Study: We Underestimate How Much a Quick Check-In Matters to Our Friends

Innocuous as it may seem, a simple text or email can make someone's day

Yellow envelopes with letters covered in red notifications symbols against a blue background.
Phone notifications get a bad rap. But they're a crucial tool in the battle against the "loneliness crisis."
Carol Yepes/Getty Images

According to a recent study published in the Journal of Personality and Social Psychology, adults routinely misjudge how meaningful a casual check-in can be to a family member, friend or even acquaintance.

Researchers from the University of Pittsburgh Katz Graduate School of Business conducted a series of 13 experiments, involving nearly 6,000 participants, wherein one group of volunteers was asked to predict just how “appreciative, happy, pleased and grateful” a contact would be to hear from them. The contacts ranged from close (a legitimate friend) to close-ish (someone they had a friendly, yet “weak” tie to), and the messaging was low-stakes throughout — think brief calls, texts, emails. In some cases, the initiator sent the responder a physical check-in, such as cookies or flowers.

Throughout every single experiment, the initiator underestimated how much the responder would appreciate the unexpected gesture. Responders repeatedly qualified the check-ins as meaningful, and in situations where they wouldn’t have expected the initiator to reach out, the check-in was particularly potent. On this point, the authors wrote: “A focus on feelings of surprise in turn predicts greater appreciation.”

That sense of surprise, The New York Times muses, could be linked to an unfortunate phenomenon known as the “liking gap.” People tend to disproportionately underrate how liked they are within social circles. A thoughtful hello from someone who might’ve been perceived as a lukewarm friend is doubly surprising: A) you didn’t see it coming, and B) you didn’t see it coming because you sort of assumed they didn’t care much for you.

All told, it’s a typically-adult mess of low self-esteem. But it’s also one that could be remedied — or at least held at bay — with well-placed, periodical displays of interest or support. The good news is that this sort of behavior is endlessly malleable, too, and medium-agnostic. Psychologically-speaking, from the perspective of someone who could use a boost, a response to an Instagram story counts just the same as receiving an email.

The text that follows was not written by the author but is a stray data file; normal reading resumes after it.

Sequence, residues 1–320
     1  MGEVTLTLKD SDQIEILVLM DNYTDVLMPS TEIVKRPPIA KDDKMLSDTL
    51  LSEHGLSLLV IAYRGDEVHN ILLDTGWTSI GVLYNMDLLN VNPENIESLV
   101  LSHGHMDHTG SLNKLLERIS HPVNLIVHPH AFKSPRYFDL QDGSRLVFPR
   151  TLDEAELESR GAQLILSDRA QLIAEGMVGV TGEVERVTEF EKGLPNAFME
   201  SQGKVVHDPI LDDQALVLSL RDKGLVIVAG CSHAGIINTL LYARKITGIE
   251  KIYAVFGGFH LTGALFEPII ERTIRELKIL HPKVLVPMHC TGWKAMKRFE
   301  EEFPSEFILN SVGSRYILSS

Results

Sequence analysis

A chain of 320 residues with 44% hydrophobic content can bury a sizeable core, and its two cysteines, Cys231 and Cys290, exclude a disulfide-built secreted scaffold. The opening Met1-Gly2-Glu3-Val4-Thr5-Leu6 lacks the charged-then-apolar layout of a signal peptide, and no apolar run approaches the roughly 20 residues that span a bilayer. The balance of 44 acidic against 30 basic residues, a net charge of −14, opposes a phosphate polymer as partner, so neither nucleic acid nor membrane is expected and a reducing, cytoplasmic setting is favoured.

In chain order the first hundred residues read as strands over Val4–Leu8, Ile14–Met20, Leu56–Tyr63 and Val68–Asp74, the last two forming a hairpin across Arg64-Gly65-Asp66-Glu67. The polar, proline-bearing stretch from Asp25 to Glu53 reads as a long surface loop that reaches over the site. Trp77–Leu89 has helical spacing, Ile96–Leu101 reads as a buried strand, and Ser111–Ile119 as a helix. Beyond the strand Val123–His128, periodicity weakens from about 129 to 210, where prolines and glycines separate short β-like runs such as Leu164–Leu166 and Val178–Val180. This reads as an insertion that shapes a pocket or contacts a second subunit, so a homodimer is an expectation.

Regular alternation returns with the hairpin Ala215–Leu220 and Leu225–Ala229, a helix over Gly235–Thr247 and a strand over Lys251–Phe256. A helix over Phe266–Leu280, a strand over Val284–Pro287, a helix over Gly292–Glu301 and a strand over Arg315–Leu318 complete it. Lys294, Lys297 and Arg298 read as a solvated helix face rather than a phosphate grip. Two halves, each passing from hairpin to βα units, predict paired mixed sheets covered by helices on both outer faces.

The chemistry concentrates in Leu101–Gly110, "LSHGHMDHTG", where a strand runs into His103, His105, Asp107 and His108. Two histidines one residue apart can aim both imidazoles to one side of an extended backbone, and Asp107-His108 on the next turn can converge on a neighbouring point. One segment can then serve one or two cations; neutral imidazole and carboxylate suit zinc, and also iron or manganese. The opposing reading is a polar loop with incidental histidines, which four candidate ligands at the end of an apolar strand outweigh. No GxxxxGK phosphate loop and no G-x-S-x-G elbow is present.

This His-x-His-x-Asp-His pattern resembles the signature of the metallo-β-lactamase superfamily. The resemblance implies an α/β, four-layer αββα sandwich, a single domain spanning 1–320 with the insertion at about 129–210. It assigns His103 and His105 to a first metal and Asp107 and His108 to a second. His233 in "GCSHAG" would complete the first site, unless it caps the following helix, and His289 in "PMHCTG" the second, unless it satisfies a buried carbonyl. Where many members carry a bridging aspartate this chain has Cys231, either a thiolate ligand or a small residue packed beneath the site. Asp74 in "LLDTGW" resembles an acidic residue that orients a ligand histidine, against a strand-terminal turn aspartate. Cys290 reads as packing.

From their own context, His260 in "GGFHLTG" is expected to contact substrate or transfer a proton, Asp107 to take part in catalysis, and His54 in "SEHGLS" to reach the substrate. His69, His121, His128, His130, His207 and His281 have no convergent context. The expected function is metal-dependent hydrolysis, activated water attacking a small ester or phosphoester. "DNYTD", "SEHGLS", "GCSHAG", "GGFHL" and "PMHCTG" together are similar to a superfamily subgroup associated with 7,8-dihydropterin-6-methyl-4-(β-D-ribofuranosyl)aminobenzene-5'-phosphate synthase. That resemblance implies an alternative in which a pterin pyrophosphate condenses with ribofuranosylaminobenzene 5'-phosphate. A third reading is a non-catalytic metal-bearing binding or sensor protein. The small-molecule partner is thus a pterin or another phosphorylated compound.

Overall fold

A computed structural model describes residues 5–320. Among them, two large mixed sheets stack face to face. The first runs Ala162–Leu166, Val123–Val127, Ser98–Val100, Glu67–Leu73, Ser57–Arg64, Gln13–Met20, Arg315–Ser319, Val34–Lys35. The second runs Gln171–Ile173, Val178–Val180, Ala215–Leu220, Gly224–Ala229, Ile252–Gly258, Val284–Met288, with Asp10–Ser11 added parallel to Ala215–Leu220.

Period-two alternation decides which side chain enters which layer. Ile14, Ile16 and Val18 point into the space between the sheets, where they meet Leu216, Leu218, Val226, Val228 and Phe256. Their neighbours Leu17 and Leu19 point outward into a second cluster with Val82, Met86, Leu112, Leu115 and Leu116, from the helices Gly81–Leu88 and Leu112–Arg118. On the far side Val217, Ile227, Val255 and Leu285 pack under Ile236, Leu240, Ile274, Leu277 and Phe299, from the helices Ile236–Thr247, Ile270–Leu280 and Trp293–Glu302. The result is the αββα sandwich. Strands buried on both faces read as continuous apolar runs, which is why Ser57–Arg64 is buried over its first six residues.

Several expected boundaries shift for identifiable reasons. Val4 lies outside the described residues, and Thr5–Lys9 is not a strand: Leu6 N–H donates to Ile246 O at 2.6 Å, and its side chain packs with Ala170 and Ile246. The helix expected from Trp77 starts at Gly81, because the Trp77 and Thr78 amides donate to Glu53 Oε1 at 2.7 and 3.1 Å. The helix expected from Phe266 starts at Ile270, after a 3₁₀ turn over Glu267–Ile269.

Most of us could use a boost these days, coming off two years of unprecedented isolation. And America’s so-called “loneliness crisis” is especially profound for adult men, who, relative to other demographics, tend to have very few friends. Men lose many friends as they get older and start families; they have trouble making new ones; and they often rely on “couple friends” — the significant others of their significant other’s best friends — in order to maintain some semblance of a social network outside of work.

It’s no secret that men struggle with emotional vulnerability, too, which makes it harder for them to speak up when they think they might be losing a friend, or could simply precipitate the drift to begin with. That’s where the power of the casual check-in should be prized. Starting small and light can keep a relationship humming along, while paving an avenue for it to reclaim the trust and sincerity it deserves.

Try reaching out to someone today. If you’re not ready to reach out to a fading tie, or level up with a new one, then just text a sibling or a close friend. Just know, no matter how long it may take them to respond, or even if they send some useless GIF back, that it probably meant a lot to them.

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